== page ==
During their testimony on Wednesday, several of the gymnasts held back tears as they recounted Nassar’s sexual abuse, including Biles, who, after detailing his unparalleled success as a gymnast, said: “I am also an assault survivor. sexual. “

“I definitely believe that the circumstances which led to my abuse and allowed it to continue are a direct result of the organizations created by Congress to monitor and protect me as an athlete, USA Gymnastics and United States Olympic and Paralympic The committees did not do their job, ”she said.

Young gymnasts, said Biles, “have failed and we deserve answers.”

“To be clear, I blame Larry Nassar and I also blame an entire system that allowed and perpetrated his abuses,” she said, increasingly moved.

Biles competed at this summer’s Olympics in Tokyo and said she was the only member of the U.S. team to have been abused by Nassar.

“The scars of this horrific abuse continue to live with us all,” she said. “The impacts of this man’s abuse are never over or forgotten.”

Like Maroney, Raisman recalled her experiences with the FBI, telling senators she made “many requests” to speak with the office about Nassar’s misconduct, but said it took 14 months for the office contacts her.

“It has become painfully clear how much a survivor’s recovery is affected by dealing with her abuse and it disgusts me that we are still fighting for the most basic answers and accountability over six years later,” he said. she told the committee, taking a deep breath before making her opening remarks.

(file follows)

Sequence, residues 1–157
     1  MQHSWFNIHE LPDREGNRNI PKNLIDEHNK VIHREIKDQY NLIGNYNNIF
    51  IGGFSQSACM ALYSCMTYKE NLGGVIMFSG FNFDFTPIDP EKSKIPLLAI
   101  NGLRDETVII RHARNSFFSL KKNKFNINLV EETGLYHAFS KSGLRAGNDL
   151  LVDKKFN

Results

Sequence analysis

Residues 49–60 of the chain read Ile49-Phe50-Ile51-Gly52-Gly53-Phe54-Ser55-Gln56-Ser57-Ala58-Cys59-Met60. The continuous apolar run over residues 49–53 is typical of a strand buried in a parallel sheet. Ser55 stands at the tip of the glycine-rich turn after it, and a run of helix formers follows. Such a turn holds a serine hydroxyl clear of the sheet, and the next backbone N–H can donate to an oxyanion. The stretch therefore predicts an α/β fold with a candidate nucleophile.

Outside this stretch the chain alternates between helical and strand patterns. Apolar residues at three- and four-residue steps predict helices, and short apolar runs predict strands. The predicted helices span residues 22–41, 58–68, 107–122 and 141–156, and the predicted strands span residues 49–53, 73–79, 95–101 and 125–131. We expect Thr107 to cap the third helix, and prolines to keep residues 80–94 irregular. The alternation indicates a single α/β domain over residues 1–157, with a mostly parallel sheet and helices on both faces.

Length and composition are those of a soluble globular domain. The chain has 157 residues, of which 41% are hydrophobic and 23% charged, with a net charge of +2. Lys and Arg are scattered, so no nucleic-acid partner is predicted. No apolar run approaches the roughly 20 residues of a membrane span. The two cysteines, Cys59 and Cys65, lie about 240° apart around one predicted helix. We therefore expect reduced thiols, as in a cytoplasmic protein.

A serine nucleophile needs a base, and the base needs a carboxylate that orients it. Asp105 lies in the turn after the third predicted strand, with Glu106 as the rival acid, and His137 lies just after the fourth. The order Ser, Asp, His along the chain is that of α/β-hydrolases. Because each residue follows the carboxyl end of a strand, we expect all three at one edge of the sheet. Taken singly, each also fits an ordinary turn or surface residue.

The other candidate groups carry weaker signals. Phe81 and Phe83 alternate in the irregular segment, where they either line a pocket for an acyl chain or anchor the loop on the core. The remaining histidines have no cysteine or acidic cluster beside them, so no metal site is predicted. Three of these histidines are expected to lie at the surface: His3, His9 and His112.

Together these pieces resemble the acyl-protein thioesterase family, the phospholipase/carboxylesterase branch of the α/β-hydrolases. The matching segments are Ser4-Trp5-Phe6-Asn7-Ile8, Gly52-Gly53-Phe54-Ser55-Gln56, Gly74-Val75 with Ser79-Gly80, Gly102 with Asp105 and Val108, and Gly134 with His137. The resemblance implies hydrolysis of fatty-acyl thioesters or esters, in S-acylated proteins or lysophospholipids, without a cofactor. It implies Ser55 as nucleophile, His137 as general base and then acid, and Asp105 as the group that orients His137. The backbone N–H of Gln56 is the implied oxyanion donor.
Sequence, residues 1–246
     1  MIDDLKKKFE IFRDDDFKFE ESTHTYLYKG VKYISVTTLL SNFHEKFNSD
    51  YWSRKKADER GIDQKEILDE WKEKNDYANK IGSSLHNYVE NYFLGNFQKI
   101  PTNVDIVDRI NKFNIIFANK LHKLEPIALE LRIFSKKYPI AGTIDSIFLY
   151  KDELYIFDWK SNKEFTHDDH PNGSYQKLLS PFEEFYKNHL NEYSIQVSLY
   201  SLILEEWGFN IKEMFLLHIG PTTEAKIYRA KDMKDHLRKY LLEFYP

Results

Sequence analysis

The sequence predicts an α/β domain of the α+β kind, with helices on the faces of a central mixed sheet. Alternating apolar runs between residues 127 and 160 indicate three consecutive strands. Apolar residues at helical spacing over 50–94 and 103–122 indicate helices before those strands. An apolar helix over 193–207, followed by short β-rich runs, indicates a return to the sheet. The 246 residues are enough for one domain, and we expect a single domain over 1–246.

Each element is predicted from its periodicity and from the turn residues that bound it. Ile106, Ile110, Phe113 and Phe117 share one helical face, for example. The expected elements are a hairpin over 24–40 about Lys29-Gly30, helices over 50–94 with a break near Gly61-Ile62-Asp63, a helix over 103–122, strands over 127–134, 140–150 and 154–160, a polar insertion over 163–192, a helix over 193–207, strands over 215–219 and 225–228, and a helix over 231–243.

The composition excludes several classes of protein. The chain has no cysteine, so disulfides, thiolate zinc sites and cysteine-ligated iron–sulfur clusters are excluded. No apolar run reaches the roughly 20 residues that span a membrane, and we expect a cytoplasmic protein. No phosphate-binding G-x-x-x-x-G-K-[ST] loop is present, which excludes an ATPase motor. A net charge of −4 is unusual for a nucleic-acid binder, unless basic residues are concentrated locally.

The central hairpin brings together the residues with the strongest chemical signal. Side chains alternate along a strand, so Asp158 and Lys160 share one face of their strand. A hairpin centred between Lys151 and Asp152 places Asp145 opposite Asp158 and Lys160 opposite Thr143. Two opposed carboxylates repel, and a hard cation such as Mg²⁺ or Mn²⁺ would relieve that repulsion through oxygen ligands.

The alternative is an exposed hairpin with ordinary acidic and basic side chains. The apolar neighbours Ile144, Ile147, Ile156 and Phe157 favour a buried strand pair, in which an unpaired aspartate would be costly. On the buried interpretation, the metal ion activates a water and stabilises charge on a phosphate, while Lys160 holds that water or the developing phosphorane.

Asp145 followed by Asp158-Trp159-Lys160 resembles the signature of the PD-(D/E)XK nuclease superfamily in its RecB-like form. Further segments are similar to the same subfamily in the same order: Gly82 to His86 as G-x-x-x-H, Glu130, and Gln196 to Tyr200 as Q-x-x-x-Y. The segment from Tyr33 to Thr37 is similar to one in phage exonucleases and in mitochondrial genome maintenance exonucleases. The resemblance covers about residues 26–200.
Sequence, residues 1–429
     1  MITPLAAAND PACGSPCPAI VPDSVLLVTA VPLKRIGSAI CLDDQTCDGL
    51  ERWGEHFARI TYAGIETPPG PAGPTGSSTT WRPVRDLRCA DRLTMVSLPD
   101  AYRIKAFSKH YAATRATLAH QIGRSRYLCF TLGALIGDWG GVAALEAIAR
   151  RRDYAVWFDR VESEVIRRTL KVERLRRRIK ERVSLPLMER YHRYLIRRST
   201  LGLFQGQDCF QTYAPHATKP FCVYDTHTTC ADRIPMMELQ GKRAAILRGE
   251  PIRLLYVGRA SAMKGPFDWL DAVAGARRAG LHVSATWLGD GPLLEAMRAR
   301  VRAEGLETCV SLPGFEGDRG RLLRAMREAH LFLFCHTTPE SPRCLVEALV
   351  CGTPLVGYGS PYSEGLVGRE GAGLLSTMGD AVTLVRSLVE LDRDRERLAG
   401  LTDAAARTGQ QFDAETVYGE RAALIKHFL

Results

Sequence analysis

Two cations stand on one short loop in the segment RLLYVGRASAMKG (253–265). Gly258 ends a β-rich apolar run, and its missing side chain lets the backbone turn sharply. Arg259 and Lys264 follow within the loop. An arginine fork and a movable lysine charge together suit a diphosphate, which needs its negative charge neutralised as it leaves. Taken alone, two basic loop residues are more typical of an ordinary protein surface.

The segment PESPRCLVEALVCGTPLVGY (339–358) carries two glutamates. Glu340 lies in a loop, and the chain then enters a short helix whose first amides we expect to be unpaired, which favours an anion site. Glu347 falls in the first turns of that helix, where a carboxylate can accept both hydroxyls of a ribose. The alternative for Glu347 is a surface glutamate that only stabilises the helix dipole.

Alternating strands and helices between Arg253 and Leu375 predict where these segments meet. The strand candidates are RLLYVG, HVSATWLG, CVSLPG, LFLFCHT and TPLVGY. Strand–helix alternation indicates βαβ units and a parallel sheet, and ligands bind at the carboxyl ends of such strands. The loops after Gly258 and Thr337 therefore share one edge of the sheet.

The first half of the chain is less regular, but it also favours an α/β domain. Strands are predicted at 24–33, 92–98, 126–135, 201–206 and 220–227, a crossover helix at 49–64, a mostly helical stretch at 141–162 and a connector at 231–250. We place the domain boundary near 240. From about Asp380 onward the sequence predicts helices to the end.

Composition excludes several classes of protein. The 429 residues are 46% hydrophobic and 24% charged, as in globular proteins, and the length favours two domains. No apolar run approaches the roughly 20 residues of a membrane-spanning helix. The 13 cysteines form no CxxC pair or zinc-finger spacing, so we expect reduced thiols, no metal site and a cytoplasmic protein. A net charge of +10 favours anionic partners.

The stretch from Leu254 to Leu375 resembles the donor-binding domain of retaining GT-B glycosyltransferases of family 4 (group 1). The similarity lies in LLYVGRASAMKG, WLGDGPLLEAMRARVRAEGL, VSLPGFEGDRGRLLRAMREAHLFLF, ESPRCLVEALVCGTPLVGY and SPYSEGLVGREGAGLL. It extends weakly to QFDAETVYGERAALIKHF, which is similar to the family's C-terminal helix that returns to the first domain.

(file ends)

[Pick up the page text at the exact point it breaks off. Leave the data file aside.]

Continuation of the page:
Raisman said that in 2015, officials knew that at least six gymnasts had been abused by Nassar, but he was allowed to continue working at Michigan State University and Twistars USA Gymnastics Club.

“It was like serving innocent children to a pedophile on a silver platter,” she said.

Following the testimony of the gymnasts, FBI Director Christopher Wray and Department of Justice Inspector General Michael Horowitz answer questions from the judicial panel.

“The FBI’s handling of the Nassar case is a stain on the desk,” said Senator Dick Durbin, an Illinois Democrat who chairs the committee.